I don’t often read whole single author collections in one go. Actually I rarely finish them. Minatures was an exception. I had a stressful job interview and had on a whim picked up Minatures by Scalzi as it was cheap and I had enjoyed his work in the past. I read most of the collection on the day of the interview, reading one story after another – keeping me laughing and smiling though the day up to the interview.
I reviewed book 1, Velveteen vs. The Junior Super Patriots, last year and you can read my review here.
It was a beautiful September afternoon in the sleepy little town Isley, California (population 840, on a good day when no one had decided to drive up to Sacramento for some big city thrills).
Like with the first book and Cookie Cutter Superhero by Tansy Rayner Roberts this book is very much metafictional and it has so much love for the superhero genre. Both Roberts and McGuire understand that loving something allows you to look at something critical without that diminishing your love for it. The best satire always comes from a place of passion – because it requires a great amount of passion to acquire the level of knowledge it requires to really highlight the most funny and problematic areas of what you love. The Velveteen stories does just that.
Title: Chicks in Chainmail
Editor: Esther M. Friesner
Short story anthology
Genre: Humor, fantasy, portal fantasy, magic realism, feminism, fairytale, historical fantasy, fairytales, metafiction, mythology, high fantasy, epic fantasy,
I just got Chicks in Chainmail in the mail today, I ordered it after reading Tansy Rayner Roberts great post On Influence. I wanted to read some of the older works in the genre (this is 20 years old by now) so I decided to order it. I am reading the stories as part of my 100 Short Stories in 2014 challenge.
Don’t let the cover fool you, this is a feminist book, but it is is feminism with a big smile on it’s face and a wink. It is clever and it is funny.
I am writing this review because it has just been announced this month that FX is making Redshirts into a short tv-series. And I’m pretty excited about that! Scalzi is to be the executive producer on the series, so hopefully that should keep it from being cut into scraps and put together like Frankenstein’s monster.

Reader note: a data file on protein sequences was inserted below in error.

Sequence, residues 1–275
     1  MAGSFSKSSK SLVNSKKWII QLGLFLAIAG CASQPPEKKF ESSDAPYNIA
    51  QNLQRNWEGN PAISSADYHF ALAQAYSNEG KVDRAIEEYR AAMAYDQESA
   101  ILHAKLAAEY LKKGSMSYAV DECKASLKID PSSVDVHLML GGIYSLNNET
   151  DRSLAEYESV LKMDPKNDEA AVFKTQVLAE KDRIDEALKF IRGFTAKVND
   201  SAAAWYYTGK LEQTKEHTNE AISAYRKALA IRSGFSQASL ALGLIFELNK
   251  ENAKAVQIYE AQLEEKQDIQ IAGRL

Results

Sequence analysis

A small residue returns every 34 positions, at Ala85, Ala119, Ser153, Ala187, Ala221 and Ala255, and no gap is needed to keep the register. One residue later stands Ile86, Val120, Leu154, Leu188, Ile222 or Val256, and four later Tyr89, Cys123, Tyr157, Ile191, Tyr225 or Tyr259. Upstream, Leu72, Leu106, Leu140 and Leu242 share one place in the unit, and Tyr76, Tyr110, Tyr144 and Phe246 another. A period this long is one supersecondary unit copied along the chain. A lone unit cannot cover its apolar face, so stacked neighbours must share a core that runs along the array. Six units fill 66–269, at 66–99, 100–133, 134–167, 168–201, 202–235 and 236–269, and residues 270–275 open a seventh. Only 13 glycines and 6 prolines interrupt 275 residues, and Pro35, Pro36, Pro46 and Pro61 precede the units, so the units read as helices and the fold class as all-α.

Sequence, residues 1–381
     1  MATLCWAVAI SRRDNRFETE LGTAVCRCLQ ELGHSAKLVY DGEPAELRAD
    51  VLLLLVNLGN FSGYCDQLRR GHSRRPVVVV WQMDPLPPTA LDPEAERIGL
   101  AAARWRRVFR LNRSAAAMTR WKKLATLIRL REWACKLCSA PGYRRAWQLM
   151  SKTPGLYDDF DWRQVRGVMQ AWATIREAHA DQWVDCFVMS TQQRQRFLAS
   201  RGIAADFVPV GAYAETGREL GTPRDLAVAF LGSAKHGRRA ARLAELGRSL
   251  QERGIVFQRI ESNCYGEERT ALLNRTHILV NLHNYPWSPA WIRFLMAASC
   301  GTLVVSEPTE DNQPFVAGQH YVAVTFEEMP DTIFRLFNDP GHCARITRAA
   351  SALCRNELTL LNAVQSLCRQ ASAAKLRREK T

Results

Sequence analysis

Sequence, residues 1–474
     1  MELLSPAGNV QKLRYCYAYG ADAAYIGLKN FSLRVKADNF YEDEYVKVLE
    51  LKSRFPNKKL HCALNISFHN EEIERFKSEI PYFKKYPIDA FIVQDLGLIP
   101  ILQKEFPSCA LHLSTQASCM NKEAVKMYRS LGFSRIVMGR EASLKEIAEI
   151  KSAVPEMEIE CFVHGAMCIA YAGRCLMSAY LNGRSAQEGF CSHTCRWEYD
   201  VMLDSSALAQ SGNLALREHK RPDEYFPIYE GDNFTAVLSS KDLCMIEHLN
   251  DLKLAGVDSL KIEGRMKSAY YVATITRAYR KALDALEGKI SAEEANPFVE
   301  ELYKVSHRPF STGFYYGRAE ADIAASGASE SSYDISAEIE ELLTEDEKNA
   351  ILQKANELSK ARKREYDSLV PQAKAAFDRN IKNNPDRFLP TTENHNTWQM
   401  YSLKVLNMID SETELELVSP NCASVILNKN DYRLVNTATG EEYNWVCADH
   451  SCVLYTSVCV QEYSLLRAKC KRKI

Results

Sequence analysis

Ok so what did I think about the book? You guessed it I liked it a lot…
Title: The Atrocity Archives
Author: Charles Stross
Series: Laundry Files, book 1
Published: Originally published 2004, 2010 by Recorded Books
Read: December 28 to 30, 2013
Genre: Urban fantasy, Lovecraftian, spy thriller
So this was the last novel I read last year and I finally had the brain space to sit down and write-up my thoughts on it.
I have a thing for spy novels, I used to read a lot of spy thrillers. One of my favourite non f&sf series is the Hamilton series by Jan Guillou about a Swedish spy (don’t judge a book by its movie) and one of my favourite tv-series is Spooks. I also really like stories about agencies dealing with the supernatural – I probably just watch too much X-files, but it is a setup that fascinates me. So the Laundry Files has it going for it from the get go.
I read this as part of my reading challenge: 25 short stories in 25 days.
When I started reading this story I thought I had tons of time, it was only 21.30 after all. Little did I know that this was a massive novella of a story rather than a short story. I only finished reading late last night, which was far from the plan.